I’m not talking about ‘get a room’ style public displays of affection that most of us would be happy to agree is uncomfortable for everyone except those writhing in the grips of passion. I’m talking about holding hands, a quick kiss on the lips and the everyday subtle touches between couples. It seems like a no brainer really to hold hands with your partner in public yet we’ve actually found ourselves being not only conscious of PDAs between us but also considering the people around us before even holding hands. It became even more of a consideration once we had children – wanting to protect them from any signs of hate speech or worse.
How comfortable are you and your friends around two men or women kissing, hugging and holding hands in public? Is it an issue? I’d like to think not. I’d like to think that we are well beyond people needing to censor their behaviour in public on the off chance that someone might take offense and act on that. Unfortunately that’s not the case. Only this week there has been a young man in Brisbane on the receiving end of homophobic slurs in a place that you would expect was one of the most accepting environments – the University of Queensland.
What had Lucas Bird done to warrant this hate speech and discrimination? He walks around the university holding his partner’s hand. That’s it – people know he is gay and that was enough to entice 3 young men to verbally abuse Lucas in clear day light and no one intervened.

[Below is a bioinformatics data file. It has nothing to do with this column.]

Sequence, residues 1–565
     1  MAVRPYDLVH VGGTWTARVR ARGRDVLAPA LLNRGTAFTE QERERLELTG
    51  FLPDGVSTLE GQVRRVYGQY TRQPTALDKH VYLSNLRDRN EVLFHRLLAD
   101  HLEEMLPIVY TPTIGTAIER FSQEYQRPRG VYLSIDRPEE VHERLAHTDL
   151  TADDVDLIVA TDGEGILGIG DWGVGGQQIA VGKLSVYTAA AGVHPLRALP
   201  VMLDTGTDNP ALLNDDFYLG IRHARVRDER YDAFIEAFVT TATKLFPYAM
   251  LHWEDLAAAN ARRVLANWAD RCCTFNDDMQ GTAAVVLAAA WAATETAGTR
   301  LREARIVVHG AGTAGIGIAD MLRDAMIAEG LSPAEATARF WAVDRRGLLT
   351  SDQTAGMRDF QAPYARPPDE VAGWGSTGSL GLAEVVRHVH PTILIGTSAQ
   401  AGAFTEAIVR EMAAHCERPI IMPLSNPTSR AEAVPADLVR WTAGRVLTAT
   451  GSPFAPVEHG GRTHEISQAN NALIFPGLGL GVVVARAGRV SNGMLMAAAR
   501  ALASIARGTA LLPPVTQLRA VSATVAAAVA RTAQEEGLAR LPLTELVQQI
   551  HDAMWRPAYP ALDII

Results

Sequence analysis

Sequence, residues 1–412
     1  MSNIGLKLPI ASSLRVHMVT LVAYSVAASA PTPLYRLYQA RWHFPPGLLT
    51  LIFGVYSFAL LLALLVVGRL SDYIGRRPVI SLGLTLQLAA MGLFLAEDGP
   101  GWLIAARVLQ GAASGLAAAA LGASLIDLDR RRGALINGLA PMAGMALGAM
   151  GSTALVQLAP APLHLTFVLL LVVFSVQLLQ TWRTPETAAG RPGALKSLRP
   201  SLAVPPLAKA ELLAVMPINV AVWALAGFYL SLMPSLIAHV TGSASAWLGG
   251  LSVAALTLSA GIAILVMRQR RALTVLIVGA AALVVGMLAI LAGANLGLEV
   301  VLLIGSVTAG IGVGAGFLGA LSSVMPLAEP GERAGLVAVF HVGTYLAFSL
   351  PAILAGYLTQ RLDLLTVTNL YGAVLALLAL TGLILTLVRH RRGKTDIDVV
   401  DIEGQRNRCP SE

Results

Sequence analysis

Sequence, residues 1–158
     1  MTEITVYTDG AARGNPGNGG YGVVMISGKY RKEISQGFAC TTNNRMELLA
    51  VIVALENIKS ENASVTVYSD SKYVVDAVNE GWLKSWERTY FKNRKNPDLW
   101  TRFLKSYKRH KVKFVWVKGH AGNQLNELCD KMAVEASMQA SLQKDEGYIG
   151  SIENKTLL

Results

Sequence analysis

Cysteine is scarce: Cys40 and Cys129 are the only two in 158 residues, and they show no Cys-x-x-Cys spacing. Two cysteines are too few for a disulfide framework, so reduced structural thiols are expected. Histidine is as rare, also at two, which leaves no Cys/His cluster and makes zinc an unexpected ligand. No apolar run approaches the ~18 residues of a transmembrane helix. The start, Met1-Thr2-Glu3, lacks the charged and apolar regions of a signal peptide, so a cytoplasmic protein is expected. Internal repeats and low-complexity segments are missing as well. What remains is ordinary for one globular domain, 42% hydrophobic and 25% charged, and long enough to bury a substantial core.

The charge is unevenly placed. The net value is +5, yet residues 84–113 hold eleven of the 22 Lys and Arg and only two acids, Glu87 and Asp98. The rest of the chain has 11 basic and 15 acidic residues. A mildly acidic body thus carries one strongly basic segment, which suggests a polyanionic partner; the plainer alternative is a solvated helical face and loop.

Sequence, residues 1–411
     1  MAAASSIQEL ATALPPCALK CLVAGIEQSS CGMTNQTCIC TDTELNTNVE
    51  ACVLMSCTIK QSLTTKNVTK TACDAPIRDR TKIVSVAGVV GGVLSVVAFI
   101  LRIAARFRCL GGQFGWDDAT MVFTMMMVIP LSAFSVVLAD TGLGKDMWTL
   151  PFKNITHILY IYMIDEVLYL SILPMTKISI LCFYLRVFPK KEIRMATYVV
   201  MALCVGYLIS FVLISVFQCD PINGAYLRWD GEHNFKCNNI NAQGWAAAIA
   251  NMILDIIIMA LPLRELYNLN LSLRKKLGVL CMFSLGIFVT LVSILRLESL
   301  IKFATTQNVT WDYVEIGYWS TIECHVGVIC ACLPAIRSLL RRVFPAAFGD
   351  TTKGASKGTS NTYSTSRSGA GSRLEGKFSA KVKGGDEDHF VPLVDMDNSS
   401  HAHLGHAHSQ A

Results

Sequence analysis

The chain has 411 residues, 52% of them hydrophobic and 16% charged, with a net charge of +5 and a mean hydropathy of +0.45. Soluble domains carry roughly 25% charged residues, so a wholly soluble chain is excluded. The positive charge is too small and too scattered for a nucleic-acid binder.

There are a number of facets to this attack. If people are brazen enough to verbally abuse someone in front of other people in day light what would or could these same people do say late one night, after some alcohol or drugs in any given street around bars and night spots? Secondly why did no one intervene and speak up for Lucas? Why does it matter to the overwhelming number everyday people who wouldn’t do this?
We all have a place in making our world safer for gay people. We have to make it completely unacceptable to be hateful and homophobic towards people. There should be no double standard. Whether a heterosexual couple walks around campus holding hands or a homosexual couple it should not give rise to abuse. Smalls steps by each of us is what will make a difference and that starts with people becoming more comfortable with seeing couples together. Laws being changed to criminalize hate speech and marriage equality will play their part however they will only go so far. Each of us, gay or our straight allies, need to make it safe for anyone to show affection for their partner in public.
Would you be confident enough to speak up if someone was being verbally attacked like Lucas was?
Just doubling back on our personal experiences with PDA’s and how we censor ourselves, yes I absolutely acknowledge we censor ourselves. Friday morning the grocery delivery man was bringing our groceries upstairs and I was heading off to work. Monique and I without even speaking knew we were not going to kiss each other goodbye in his presence. Why? We don’t know him and he knows our address. Having both been in situations where homophobia has turned to violence it is safer for us to not kiss in front of a stranger in our house. I am fundamentally opposed to this censoring but the safety of my family is more important than my desire to fight homophobia. In many public situations we will not hold hands or put our arms around each other because we subconsciously assess the risk as too high. Last year we camped at a popular car race and this was an area we were aware of our surroundings and were mindful to not show PDAs. I am not for one second suggesting that every person is a potential criminal or stereotyping people, my thoughts are that attacks can and do happen and our safety is paramount.
If you are straight or gay are there circumstances that you would not engage in PDAs? Have you even thought about PDAs?
Lucas’s full story.